Field the Best Team You Can
Complementing the freedom and responsibility side of their culture, the other key element is having a workplace filled with nothing but “stunning colleagues.” They make a very useful analogy to a professional sports team, where the objective is to always have a superstar at every position. This leads to specific strategies and techniques:
- Pay top of market
- Don’t settle for adequate performance
Pay Top of Market
Netflix’ philosophy is to pay more than anyone else would. The yardsticks used are how much that person would be paid somewhere else, how much Netflix would pay someone else to come in and do the same job, and how much Netflix would be willing to pay to prevent someone from leaving. It’s the manager’s job at Netflix to make sure that each employee is compensated at the level that meets the above criteria, proactively. This simply short circuits a lot of problems that managers need to deal with at other companies around recruiting, retention, and incentivization. This is largely based on a belief that the best employees (in creative/inventive positions) contribute significantly more value (like 2x-10x) than the average employee – so that paying them more is in reality a bargain.
Why don’t more people do this? Well, obviously not everyone can pay top of market, because then it wouldn’t be top of market anymore. But plenty of companies have explicit polices to pay at mid-market, or at the 75th percentile, etc. I think a big part of the answer here is that there’d be a lot of disagreement that the best employees can be 10x more valuable than the average employee. This is actually something I would love to see more data on – the culture deck simply states this as a fact without supporting citations. In my experience, I think this is a reasonable statement – I’m really curious what other people have to think (please tell me in the comments!)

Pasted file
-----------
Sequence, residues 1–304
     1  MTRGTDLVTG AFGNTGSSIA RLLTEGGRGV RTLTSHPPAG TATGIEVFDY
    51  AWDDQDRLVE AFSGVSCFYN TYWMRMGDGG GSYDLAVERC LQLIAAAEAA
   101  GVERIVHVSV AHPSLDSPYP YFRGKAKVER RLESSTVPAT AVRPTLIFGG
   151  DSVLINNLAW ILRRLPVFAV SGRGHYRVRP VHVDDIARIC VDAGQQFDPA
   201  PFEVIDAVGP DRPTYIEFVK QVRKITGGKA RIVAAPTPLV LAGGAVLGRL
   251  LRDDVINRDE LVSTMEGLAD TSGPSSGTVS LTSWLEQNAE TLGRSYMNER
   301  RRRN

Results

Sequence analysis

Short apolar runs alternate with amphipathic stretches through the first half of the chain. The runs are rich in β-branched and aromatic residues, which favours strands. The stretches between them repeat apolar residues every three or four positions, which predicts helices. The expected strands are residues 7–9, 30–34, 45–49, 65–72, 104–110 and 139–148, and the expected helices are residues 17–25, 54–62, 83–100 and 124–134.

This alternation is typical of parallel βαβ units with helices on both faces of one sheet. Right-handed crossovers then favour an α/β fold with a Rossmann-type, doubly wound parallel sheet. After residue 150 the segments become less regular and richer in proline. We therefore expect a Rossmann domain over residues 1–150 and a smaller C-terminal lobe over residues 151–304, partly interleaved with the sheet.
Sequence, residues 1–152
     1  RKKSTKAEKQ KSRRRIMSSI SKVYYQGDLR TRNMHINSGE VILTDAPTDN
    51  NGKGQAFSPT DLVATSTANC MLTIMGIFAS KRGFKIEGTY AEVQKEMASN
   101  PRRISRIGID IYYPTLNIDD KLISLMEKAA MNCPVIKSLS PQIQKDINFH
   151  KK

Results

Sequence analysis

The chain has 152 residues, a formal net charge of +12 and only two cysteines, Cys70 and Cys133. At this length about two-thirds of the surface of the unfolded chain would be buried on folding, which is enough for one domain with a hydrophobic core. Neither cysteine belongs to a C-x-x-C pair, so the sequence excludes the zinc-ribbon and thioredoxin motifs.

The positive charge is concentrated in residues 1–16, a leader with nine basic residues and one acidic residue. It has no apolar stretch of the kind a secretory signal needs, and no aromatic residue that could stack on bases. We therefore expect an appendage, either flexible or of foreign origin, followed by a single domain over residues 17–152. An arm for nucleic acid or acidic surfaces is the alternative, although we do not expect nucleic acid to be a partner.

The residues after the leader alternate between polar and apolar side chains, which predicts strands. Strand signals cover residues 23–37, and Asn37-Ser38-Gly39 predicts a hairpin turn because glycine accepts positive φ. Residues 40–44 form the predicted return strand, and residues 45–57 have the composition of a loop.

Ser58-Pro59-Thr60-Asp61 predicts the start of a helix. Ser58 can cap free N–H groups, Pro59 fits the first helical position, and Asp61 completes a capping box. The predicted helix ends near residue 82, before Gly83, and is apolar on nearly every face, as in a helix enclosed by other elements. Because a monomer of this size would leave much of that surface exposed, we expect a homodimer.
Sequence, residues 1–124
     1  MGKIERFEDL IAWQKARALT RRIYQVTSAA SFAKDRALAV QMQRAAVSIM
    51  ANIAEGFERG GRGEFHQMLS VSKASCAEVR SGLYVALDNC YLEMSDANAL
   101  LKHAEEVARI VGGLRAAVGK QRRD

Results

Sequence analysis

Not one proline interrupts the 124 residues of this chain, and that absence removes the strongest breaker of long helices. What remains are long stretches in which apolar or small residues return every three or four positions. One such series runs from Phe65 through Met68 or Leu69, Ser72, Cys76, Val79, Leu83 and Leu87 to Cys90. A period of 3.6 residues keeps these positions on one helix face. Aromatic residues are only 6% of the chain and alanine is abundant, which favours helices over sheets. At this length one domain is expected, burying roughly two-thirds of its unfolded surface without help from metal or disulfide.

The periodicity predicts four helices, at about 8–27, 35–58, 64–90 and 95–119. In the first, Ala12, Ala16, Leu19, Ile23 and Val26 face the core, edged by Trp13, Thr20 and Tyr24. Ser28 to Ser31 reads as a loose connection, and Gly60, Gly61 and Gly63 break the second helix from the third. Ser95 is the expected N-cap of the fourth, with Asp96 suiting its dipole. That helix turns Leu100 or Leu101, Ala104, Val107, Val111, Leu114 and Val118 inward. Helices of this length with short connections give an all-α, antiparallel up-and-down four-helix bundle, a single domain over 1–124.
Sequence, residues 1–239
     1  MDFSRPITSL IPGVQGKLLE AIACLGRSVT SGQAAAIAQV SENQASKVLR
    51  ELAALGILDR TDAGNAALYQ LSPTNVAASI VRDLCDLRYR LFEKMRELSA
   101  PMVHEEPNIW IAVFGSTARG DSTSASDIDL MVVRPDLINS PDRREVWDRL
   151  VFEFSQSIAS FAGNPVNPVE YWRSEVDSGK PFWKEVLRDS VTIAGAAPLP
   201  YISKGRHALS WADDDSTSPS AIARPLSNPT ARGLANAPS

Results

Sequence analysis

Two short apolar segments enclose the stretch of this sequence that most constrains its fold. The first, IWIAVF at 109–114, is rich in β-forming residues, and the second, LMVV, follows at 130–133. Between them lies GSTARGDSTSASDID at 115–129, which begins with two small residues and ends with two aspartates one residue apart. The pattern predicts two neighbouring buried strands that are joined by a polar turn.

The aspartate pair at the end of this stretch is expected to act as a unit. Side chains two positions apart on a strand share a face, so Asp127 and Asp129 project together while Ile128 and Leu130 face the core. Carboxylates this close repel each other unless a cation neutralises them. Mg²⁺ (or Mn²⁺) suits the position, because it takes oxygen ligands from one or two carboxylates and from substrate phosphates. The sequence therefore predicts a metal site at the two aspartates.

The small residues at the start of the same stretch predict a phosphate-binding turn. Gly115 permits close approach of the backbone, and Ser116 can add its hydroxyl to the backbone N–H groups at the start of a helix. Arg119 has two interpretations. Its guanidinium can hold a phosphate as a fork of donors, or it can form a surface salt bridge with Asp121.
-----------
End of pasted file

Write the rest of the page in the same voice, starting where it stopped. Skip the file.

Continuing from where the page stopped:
Don’t Settle For Adequate Performance
I believe this generates the most controversy from the culture deck. Basically at Netflix, if you do an OK job, you are given a nice severance package and shown the door so that a superstar can be brought in to do a better job. At most companies, you are expected to do an OK job, and you’re only shown the door if you’re not doing an OK job. Think of the sports team analogy – if your first baseman is batting .270 with 50 RBIs, he’s doing OK, but if you have the opportunity to bring in a first baseman who bats .320 with 95 RBIs – wouldn’t you do it?
Why don’t more people do this? You can only do this if you are convinced you can bring in a superstar to replace the person leaving, and that assumption requires some of the other Netflix culture charactersitics: namely paying at top of market and having a workplace that’s already filled with “stunning colleagues.” So this is something you can really only do if you’ve already adopted most of the rest of #netflixculture.
What really jumped out at me from writing this post is that a lot of the components of #netflixculture leverage and reinforce each other. For example, paying top of market lets you fill your company with responsible, awesome people, which lets you grow without adding tons of rules and policies. The real question is how much of what Netflix has done is unique to their position in their industry, and how much is generalizable to other companies? I’m looking forward to seeing other companies adopt this culture and seeing how it turns out for them. If your company is doing so, let me know!